...is that, post-rehab, he goes back to his old lying, arrogant self again.
Ladies and gentlemen, the no-singing, some-dancing Rob Ford Show has returned to City Hall for a repeat engagement to last at least four months. The star promises a new-and-improved physical appearance and 100 per cent fewer drunken stupors. On Monday afternoon, the mayor revealed his plans for the coming months at a press conference (where he took no questions and only invited select press). His scripted path to redemption began as follows: an apology, a claim that rehab changed his life, and an assurance that he was ashamed of his previous behaviour. Then he quickly resumed his campaign, insisting he was “proud of his public record,” that he’d carry on stopping the gravy train, etc.
“I’m determined to continue fighting for the taxpayer every single day,” he said, subtly suggesting that this struggle was right in line with his commitment to fighting for his newfound sobriety.
There are, of course, many unresolved questions about the sequence of events that led him into rehab. Some revolve around the ongoing police investigation into his associations with the criminal underworld. There are questions about racist and homophobic comments he made that were captured on video, and there are still more about a bizarre incident near his cottage-country rehab facility, where one of his fellow recovery patients was arrested for drunk driving while behind the wheel of his famous black SUV.
It’s hard to accept his insistence that he’s a changed man unless he gives full, honest explanations for these things, and while he hinted at these incidents on Monday, he avoided any of the details that would make his contrition remotely convincing.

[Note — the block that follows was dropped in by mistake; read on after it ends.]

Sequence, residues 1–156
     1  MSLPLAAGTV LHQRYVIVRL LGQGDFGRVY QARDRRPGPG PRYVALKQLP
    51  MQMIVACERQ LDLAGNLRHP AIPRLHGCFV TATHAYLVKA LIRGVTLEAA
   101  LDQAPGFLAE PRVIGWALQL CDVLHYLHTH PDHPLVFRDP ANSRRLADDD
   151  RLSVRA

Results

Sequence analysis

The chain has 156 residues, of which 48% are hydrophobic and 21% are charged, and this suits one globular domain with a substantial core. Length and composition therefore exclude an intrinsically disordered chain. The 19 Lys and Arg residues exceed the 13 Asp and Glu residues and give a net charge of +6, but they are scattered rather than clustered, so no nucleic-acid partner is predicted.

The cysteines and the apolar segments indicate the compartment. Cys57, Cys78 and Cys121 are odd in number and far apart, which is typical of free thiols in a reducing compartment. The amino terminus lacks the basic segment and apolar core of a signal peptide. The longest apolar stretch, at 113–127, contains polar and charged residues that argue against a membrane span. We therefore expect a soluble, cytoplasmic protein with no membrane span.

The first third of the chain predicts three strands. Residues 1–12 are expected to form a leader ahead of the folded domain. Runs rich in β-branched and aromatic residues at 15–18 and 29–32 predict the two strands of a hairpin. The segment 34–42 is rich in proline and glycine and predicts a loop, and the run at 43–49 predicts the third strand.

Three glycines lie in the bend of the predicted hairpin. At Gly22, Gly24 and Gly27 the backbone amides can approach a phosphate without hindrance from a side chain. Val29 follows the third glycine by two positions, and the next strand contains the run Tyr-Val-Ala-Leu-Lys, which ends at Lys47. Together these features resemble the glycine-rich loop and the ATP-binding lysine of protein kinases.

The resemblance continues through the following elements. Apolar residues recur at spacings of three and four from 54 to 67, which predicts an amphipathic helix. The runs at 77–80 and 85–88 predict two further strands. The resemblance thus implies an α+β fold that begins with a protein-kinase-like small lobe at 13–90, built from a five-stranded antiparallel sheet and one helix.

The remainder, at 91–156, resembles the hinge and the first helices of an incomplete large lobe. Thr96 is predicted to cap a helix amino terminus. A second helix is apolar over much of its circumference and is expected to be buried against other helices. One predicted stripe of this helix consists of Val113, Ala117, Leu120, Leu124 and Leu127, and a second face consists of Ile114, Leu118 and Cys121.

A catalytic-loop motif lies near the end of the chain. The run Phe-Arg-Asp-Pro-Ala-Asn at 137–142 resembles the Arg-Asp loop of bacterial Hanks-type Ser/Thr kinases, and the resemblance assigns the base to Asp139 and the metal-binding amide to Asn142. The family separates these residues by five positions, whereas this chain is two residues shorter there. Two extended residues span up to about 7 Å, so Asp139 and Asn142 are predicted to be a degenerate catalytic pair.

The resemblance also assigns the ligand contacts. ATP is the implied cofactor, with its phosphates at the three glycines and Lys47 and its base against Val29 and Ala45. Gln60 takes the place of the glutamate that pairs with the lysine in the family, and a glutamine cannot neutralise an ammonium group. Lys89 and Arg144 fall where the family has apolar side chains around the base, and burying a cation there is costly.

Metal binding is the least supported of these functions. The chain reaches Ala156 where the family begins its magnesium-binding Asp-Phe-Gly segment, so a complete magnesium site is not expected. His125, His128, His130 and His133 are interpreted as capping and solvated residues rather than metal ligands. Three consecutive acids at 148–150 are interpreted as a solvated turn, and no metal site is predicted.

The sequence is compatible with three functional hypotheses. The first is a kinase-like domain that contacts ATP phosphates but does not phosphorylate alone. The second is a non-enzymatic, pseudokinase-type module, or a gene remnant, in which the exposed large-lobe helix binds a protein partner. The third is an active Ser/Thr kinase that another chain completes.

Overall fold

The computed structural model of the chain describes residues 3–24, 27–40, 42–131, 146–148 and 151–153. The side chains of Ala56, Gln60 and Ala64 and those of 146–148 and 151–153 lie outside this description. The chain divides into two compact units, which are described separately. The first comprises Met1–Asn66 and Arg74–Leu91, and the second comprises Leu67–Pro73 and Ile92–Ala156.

But there’s another, far more serious obstacle to Ford’s redemption narrative. Even if he has put his addictions behind him (and I do hope that’s the case) and he reverts to vintage Ford mode—the man we knew in 2011 and 2012, before the crack scandal broke—that’s simply the return of an astonishingly crappy leader, a man terrifically unsuited to the job of mayor and uniquely incapable of performing it.
Let’s all take a moment to remember that long before we ever heard about his crack videos, incidents of schoolyard urination, and slur-infected rants, this mayor was almost fired from his position by a judge for his “reckless indifference” to the rules, saved only by a technicality. He had lost the support of most of city council—and a majority of voters in polls—for his my-way-or-the-highway belligerence on issues he clearly did not understand. He fired civil servants who dared to second-guess him. He impulsively voted against his own budgets, chased down and menaced a reporter in the park beside his house, called 911 on a comedian, and kept the integrity commissioner and ombudsman plenty busy writing up reports of his misdeeds.
And he lied and lied and lied—about the differences between LRT and subways, about the budgetary savings he’d achieved, about his own behaviour and that of others. Let’s also note that the recent reports about him and his brother allegedly lobbying city staff to benefit clients of their private business—which prompted a complaint to the integrity commissioner just last month—pertain to events that occurred before the crack-mayor era of his career.
But perhaps Ford’s greatest misdeed is creating a framework for political debate in this city that was, and remains, inherently corrosive. His worldview focuses on the cost of everything, while seeing value in nothing. It assumes that all taxes are bad, and it calls for counting pennies in the short term and blowing billions over the long term. Fordism at its “best” was based on exaggerating divisions between suburbanites and downtowners, cyclists and car drivers, city workers and everyone else, and pitting those groups against each other in an imagined zero-sum battle. His politics work off two emotions: resentment and anger.
And left out of the debate is any thought of the kind of city we want to live in or how we can build for the future needs of our metropolis. I’d like a mayor who thinks this is a spectacular place to live and wants to work on making it even more so. Rob Ford is not only not that mayor, but the way he whips up the emotions of this city seems to distract his opponents from cultivating that vision—they’re too busy responding to him and his claims about gravy trains and imagined downtown elitism.
Ford at his best still reflects Toronto at its worst. Whether he’s drunk or sober, we’d all do well to remember that fact as he once again becomes a central figure in an election campaign that should advance our own rehabilitation.